How much should you expect to pay for vinyl replacement windows? This is one of the most commonly asked questions from homeowners. Most potential window purchasers do spend time researching windows before buying, but unfortunately there is no simple answer regarding price.
First, advertised prices almost never include window installation, nor do they include removal of the older windows being replaced. This can vary the cost of window replacement significantly. For example, removing old metal windows is far more difficult and labor-intensive than removing old wood windows.
Another important cost factor is the type of windows homeowners want for their homes. Non-operating picture windows are less expensive than operable double-hung styles. Casements usually cost more than double-hungs.
Standard-size “stock” windows are typically less expensive than custom-made products, although in the long run, with the necessary interior and exterior cosmetic work required to make stock windows “fit” a home, it’s highly doubtful stock windows are truly less expensive than custom windows. Certainly the size of the new windows, the level of insulating glass chosen (i.e. double- or triple-pane, argon or krypton gas), the options selected, and the style of the windows also play a large part in determining the cost of new windows.
Then there’s the cost of the company that sells and installs windows. There are the costs of doing business and staying profitable. As homeowners, should we not expect to pay a fair price so these companies can do a professional job installing our windows without cutting corners? And don’t we want them around in the future should we need them again later? Like many homeowners, I don’t mind paying more than I originally expected for a home-improvement project, as long as I know the reasons for the higher costs. However, if I pay more, I also have higher expectations. I expect quality products and work, as well as excellent service.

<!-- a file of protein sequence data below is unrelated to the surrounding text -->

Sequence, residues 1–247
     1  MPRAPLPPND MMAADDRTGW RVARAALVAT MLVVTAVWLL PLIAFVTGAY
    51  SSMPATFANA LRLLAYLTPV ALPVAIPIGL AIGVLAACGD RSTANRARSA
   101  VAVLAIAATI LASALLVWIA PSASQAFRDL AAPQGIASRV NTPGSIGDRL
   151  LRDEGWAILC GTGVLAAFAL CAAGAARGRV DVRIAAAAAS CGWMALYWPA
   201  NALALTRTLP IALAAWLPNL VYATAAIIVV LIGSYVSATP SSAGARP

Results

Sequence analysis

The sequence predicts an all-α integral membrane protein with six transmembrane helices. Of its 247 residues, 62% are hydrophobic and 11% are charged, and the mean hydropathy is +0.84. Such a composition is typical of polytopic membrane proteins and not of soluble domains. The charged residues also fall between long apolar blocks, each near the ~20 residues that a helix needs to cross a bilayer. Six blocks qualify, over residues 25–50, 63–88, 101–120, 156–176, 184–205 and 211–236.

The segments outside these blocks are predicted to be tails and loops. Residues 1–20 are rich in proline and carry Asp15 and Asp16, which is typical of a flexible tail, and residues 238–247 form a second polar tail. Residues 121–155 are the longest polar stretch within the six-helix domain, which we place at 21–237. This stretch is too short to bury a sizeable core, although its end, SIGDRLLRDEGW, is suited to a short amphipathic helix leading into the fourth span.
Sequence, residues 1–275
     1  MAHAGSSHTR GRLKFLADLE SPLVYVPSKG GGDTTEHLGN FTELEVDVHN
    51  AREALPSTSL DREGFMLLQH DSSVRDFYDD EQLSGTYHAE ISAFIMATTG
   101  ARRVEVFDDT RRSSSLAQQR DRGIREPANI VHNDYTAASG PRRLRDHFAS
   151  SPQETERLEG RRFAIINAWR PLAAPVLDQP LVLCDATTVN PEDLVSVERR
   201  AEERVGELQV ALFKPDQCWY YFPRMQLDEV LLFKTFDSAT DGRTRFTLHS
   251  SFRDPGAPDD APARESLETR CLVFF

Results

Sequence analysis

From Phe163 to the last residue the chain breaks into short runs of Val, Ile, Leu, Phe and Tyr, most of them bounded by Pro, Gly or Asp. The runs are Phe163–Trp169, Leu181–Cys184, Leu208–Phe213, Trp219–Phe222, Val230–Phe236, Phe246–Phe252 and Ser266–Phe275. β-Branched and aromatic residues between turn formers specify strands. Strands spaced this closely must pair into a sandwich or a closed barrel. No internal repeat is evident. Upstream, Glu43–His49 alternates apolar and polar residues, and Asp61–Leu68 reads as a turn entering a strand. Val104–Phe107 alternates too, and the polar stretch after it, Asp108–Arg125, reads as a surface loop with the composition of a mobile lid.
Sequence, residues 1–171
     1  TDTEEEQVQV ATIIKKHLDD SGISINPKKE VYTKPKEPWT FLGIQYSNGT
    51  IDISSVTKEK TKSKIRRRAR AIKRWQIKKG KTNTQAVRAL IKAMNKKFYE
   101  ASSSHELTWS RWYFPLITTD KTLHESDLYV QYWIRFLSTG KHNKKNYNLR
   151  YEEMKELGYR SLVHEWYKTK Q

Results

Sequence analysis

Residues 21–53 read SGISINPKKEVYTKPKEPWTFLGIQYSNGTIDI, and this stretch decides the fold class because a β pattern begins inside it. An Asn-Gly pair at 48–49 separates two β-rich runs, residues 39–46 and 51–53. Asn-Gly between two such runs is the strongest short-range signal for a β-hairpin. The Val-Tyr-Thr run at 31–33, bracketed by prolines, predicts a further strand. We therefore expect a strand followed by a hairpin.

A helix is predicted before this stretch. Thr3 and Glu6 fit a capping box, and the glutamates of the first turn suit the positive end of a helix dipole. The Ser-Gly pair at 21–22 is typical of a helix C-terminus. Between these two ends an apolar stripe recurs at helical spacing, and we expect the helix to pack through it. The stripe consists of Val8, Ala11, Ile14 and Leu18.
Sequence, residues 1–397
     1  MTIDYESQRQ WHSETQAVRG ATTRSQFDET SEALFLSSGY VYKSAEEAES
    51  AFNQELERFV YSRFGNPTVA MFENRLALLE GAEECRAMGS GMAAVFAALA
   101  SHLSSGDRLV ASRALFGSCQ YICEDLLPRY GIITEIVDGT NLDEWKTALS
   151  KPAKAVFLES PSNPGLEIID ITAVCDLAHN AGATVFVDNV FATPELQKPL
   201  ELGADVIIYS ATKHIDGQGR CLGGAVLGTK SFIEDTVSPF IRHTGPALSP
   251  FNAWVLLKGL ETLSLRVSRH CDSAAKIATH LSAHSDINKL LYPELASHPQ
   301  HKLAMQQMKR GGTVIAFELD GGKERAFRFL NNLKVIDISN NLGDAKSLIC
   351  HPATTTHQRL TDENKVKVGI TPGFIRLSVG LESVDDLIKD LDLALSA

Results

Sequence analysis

I, too, do my own research on remodeling companies I’m considering. I also know that all companies have some unhappy customers; it’s inevitable. I just don’t want to be one of them. So when a company gives me a few references, I ask for a few more. I know the first references they provide may be expecting my call, but the additional ones probably aren’t. With this approach, I get candid feedback, not canned.
In summary, to get a good idea of what it costs to purchase windows, do your homework. Learn as much as you can about the windows you want for your home. When choosing a remodeling company, ask for additional references.
I will close in saying that “cheap” and “lowest prices” should not important when you’re selecting something like windows for your largest investment, your home. It’s true that you will get what you pay for -- in terms of product quality, the appropriate options and glass you should have, the quality of work in installing the windows and even the quality of the company you’re doing business with.
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